• Get enough sleep
    If you have trouble sleeping, write down the thoughts that are keeping you awake, then put it aside, and try to get those important hours of snooze again.
  • Have a regular workout routine
    I found yoga to be particularly helpful in feeling calmer, stronger, and more grounded.
  • Your spouse CAN change their mind
    Here is a word for the people who are convinced that their spouse is never going to change their mind. Your spouse has changed their mind before and they can do it again. If they hadn’t changed their mind, you would not be in this situation in the first place, right?

All these things have helped me to transform painful feelings into becoming a stronger and better person. The “funny” thing is that as you work on improving yourself, you are making yourself more attractive–including to your spouse! It is very important that you make these changes not to win your spouse back but rather for yourself. Otherwise, you will eventually revert back to your old ways.

The Hard Truth

After four years, I came to the conclusion that all my efforts did not save my marriage. Hard as it was, I never felt that my efforts had been in vain because I had learned so many valuable lessons through all of it. I felt at peace, that I had given my marriage the best shot I could, and I had no regrets. Things were falling into place for me and I was moving on.

But then…

Then out of the blue on the day before Mother’s Day, I received a text message from my husband, asking me if I would still be open to reconciliation…

As I write these words, my husband and I have reconciled as of May of 2015. Day-by-day our marriage is becoming better. Even if I had not succeeded (a mere 6 months ago it appeared I hadn’t), I wouldn’t have wanted to give up any of the lessons learned. Painful as it was, it was truly worth it.

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13 thoughts on “How to Stand For Your Marriage When Your Spouse is Gone

  • December 3, 2015 at 9:50 pm

    I really love this article and I started to cry at the end when you said he called to reconcile. That’s the dream! Thank you for sharing this.

  • December 3, 2015 at 10:22 pm

    I just came across this and almost deleted it. My husband of 32 years left in April. At first it was someone else, then it was for the reason that there are just things that he can’t live with–wouldn’t tell me because he said they would never change. After saying he would try counseling, then changing his mind, he filed for divorce in early May. I’m still reeling. This came out of left field, and I am feeling hurt, discouraged, rejected, and worthless. I still want to try to work this out. We were so happy, or so I thought, up until he left. I had no idea!!! This gives me hope. Thank you.

  • December 3, 2015 at 11:21 pm

    My husband left me and my children 3 months ago and moved in with another woman and her child. I had pushed him away for a while as I had issues but I never wanted my marriage to end. He is so happy in his new life but I still want him back. He says this isn’t true.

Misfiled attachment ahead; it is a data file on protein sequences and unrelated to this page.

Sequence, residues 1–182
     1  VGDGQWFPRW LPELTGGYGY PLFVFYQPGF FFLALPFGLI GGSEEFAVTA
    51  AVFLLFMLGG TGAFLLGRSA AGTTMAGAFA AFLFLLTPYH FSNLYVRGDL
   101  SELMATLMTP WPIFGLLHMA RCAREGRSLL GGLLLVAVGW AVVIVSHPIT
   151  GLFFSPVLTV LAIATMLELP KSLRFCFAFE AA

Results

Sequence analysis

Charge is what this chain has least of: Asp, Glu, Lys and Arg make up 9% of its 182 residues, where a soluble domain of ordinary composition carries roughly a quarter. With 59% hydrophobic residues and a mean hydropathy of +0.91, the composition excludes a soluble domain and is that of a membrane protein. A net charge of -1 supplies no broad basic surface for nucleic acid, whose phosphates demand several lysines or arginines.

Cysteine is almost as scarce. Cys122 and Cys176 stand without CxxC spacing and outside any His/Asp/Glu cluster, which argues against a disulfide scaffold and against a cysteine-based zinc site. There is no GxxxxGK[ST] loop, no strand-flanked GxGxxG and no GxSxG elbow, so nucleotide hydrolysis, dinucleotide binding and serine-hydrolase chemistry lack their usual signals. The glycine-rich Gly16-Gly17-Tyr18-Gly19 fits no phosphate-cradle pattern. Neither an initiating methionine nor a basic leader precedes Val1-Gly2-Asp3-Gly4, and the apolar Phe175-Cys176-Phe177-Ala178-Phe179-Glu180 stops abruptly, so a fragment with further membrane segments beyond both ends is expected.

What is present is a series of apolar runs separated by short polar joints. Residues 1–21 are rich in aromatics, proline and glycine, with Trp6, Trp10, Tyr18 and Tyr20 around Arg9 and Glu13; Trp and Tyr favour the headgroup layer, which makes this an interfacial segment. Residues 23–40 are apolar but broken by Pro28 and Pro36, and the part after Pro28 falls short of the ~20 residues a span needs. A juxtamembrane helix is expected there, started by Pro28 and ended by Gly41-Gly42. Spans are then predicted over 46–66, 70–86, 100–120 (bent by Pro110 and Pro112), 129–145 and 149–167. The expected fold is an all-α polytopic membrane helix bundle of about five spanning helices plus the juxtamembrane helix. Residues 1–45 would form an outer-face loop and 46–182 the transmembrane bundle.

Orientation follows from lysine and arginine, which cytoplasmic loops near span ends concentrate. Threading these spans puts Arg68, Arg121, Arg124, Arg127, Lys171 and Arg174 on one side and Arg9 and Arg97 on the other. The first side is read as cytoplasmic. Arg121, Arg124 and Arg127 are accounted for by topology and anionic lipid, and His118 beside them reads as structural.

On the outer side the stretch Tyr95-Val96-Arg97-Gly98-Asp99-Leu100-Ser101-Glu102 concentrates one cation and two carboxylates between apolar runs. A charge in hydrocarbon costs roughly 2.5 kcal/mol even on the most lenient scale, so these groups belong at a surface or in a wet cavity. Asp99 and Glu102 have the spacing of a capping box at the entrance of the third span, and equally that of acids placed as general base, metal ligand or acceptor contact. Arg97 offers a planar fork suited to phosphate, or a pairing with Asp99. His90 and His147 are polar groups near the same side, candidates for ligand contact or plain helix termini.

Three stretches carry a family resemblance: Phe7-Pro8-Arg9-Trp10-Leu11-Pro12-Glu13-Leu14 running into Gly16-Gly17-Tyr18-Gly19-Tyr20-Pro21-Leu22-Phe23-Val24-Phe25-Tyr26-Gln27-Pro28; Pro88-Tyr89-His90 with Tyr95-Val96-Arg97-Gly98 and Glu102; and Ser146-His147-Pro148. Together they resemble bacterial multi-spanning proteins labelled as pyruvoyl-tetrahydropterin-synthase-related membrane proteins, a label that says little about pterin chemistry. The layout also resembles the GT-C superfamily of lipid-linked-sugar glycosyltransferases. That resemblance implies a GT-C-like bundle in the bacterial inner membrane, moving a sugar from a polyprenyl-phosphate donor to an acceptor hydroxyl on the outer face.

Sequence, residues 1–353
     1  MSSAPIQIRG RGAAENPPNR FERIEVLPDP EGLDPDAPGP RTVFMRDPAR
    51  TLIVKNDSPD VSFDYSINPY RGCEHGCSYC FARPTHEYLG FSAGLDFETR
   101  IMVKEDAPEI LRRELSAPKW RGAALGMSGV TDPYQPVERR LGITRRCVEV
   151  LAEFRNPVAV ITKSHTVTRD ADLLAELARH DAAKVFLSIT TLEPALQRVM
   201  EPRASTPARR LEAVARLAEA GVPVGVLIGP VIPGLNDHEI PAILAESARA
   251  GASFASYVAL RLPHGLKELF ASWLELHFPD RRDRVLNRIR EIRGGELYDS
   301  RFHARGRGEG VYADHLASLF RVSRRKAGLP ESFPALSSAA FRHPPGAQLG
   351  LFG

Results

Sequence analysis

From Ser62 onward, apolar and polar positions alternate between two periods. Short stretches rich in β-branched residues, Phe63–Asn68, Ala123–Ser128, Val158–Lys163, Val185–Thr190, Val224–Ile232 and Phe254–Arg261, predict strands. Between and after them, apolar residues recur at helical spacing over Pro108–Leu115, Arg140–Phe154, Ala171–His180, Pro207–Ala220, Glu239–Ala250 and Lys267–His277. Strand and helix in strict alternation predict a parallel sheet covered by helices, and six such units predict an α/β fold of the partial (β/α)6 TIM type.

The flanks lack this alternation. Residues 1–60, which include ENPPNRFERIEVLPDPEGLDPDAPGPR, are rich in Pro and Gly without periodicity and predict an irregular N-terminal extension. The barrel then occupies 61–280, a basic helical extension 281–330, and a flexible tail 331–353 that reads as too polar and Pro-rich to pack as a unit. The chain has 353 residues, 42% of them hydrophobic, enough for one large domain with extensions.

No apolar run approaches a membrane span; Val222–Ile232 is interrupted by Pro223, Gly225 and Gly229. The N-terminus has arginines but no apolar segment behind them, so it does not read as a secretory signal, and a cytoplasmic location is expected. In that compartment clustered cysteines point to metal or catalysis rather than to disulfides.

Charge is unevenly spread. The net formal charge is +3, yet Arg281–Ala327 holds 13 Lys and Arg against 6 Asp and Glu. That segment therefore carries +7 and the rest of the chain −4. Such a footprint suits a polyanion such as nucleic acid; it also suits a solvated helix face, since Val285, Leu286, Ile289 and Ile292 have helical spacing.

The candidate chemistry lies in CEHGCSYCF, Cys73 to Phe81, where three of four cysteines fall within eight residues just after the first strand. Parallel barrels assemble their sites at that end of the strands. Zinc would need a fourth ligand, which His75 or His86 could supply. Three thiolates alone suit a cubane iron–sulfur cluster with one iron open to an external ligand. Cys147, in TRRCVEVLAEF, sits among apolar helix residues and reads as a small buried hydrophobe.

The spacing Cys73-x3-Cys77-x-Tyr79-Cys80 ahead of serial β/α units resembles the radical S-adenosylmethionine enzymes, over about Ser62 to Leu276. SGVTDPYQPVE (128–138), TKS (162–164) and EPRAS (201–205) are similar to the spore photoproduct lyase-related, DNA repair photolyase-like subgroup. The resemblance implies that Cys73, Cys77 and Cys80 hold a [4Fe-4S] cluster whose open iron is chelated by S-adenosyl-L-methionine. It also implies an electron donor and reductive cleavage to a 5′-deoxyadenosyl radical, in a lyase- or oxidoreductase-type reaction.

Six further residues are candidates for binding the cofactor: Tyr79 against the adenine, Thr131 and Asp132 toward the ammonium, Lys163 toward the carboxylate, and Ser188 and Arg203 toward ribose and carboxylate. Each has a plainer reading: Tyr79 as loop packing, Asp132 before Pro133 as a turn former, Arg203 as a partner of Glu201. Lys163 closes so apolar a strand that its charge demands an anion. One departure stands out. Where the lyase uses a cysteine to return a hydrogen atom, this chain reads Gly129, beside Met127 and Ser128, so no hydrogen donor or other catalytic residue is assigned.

• December 4, 2015 at 12:18 am

      He thinks it’s not true that you want him back?

    • December 4, 2015 at 3:20 am

      Kay, I also share a very similar story, because of alcohol abuse I have pushed my wife and four year old away. My wife moved in with a girl friend,shortly there after she lost weight, bought all new clothes,changed her attitude towards me and is going out frequently to bars with “friends” I have never asked or invaded her privacy as to what the extent her new life has gone !! My life has been completely turned upside down ! For the last four months I have been in AA clean and sober, been going to a psychologist to help get my head on straight . Ten days ago my wife decided to stay the night (separate beds) she has not left yet ! I believe she is testing me by trying to push my buttons to see if I will collapse and resort back to my old self. The article above has so much merit, my psychologist had introduced me to almost the same material. IT WORKS, I feel that I have grown, learned and transformed to the man that I should have been all these years !!! If my wife does not want to rekindle our marriage, I have to accept it ! I can not change anybody but myself. I AM a better person and am doing this for myself not her or anyone else !! The good thing is everyone I come into contact with is reaping the benefits as well ! Stay focused on what you believe in, don’t let people poison your thought, stay positive and your will project positivity and positivity is very attractive to everyone !! Your husband will see what he is missing and want to be apart of your life again, at least that is what I am hoping for with me. Stand strong for yourself and be patient, these problems did not happen overnight so they will not be fixed overnight !! Last but not least – put your trust and faith in your higher power, you Can not go wrong, one way or another your prayers will be answered ! Faith,patience,focus,positivity, learn to take what he dishes out with out causing a problem, don’t let him abuse you, just take things a little on the light side in life and for gods sake SMILE it goes a long way in like !!! Hope this helps, so far it is working for me. Thank you Eric